KUALA LUMPUR, April 4 — Hollywood director Darren Aronofsky's 'Noah', a film loosely based on the prophet venerated by Muslims and Christians has been banned in Malaysia, the Home Ministry confirmed today.
The ministry's Film Censorship Board (LPF) division chairman Datuk Abdul Halim Abdul Hamid said the decision was made two weeks ago after the board viewed the film during a private screening together with officials from the Malaysian Islamic Development Department (Jakim).
“Yes, I can confirm that it has been banned by the board, the movie can cause quite a lot of anger and distress if it is shown in Malaysia,” he told The Malay Mail Online when contacted.
The main reason for the ban, according to Abdul Halim, was Noah's depiction by Hollywood actor Russell Crowe. Islam forbids visual depictions of any prophet.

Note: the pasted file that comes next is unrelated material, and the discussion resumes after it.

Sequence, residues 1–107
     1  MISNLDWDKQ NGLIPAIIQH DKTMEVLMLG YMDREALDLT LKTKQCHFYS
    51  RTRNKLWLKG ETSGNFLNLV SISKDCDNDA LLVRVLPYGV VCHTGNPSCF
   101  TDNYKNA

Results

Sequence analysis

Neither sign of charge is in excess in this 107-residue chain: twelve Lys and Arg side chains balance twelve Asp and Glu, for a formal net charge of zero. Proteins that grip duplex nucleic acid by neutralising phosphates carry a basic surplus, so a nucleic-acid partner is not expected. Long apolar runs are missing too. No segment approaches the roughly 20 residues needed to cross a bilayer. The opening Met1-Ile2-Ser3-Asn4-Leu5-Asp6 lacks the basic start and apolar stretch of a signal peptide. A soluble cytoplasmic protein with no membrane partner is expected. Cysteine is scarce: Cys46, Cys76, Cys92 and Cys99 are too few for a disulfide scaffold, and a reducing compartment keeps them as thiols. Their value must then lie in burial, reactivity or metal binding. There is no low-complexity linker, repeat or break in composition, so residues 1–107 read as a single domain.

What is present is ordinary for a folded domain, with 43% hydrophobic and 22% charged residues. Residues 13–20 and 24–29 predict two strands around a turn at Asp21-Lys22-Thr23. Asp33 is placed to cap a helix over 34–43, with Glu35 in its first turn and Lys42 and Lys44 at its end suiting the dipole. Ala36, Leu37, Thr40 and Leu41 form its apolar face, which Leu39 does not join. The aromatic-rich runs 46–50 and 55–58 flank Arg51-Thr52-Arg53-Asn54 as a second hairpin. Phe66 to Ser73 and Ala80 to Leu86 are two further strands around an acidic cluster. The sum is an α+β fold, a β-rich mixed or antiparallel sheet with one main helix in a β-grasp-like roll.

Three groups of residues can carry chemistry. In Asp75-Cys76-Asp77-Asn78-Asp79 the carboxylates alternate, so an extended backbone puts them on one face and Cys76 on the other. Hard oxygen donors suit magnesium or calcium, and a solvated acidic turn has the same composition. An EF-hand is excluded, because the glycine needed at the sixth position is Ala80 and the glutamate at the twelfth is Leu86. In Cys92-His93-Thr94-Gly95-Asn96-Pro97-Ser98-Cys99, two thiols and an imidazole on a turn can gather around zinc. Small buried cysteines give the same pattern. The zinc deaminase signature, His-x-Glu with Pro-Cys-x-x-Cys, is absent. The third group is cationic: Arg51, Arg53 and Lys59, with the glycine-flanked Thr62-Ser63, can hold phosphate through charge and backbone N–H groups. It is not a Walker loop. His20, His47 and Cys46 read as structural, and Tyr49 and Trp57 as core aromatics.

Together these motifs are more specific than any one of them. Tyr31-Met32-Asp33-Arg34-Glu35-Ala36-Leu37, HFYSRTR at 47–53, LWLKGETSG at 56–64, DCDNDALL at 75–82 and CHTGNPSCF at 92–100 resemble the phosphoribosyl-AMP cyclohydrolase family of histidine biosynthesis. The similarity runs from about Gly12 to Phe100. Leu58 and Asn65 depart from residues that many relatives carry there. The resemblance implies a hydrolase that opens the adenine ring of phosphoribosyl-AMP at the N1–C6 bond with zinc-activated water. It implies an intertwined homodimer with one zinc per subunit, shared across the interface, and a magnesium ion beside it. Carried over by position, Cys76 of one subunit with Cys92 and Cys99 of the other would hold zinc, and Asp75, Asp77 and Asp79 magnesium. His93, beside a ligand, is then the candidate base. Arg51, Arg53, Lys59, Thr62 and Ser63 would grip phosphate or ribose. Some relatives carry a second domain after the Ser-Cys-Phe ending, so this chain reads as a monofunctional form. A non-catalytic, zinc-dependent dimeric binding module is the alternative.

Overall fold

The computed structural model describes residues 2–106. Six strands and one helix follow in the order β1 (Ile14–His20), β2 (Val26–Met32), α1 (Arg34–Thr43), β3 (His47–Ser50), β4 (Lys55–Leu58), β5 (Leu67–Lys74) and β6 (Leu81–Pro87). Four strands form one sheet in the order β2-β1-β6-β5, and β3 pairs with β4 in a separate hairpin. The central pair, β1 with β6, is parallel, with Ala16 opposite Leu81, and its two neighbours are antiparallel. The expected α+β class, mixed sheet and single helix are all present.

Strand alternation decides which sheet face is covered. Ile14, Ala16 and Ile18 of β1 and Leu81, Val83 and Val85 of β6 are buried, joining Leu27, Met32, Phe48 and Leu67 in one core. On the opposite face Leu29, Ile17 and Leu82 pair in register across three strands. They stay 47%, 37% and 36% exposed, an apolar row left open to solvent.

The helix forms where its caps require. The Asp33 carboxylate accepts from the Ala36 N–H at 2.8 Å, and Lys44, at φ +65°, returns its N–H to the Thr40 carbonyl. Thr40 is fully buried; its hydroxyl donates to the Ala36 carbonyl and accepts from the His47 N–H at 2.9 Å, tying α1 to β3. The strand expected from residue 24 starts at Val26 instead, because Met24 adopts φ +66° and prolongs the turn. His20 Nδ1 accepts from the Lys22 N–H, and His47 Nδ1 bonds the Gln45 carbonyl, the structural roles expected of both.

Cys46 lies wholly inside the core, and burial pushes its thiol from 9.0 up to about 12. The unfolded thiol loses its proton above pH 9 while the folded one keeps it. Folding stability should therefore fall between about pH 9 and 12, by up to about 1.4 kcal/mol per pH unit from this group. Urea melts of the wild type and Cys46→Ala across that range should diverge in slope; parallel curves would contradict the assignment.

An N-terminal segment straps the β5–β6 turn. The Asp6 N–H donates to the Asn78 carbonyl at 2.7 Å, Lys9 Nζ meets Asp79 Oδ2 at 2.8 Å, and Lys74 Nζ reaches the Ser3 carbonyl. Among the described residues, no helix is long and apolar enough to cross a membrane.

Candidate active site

“It is un-Islamic for anyone to act out any characters of a prophet. If it is an issue to draw pictures of a prophet, what more a movie? Of course this is prohibited, it is prohibited in Islam,” said the LPF head.
Abdul Halim added that the promoters of the film in Malaysia have already been informed of the decision.
The film is said to be based on the biblical story of Noah's Ark and already been reported banned by several Islamic countries including Egypt, Bahrain, Qatar, the United Arab Emirates and Indonesia.
Crowe told UK paper The Telegraph on March 22 he was not surprised that the movie would banned by some countries, and pointed out “it is a tenet of the Muslim religion that you can’t make stories or render images about the Prophet.”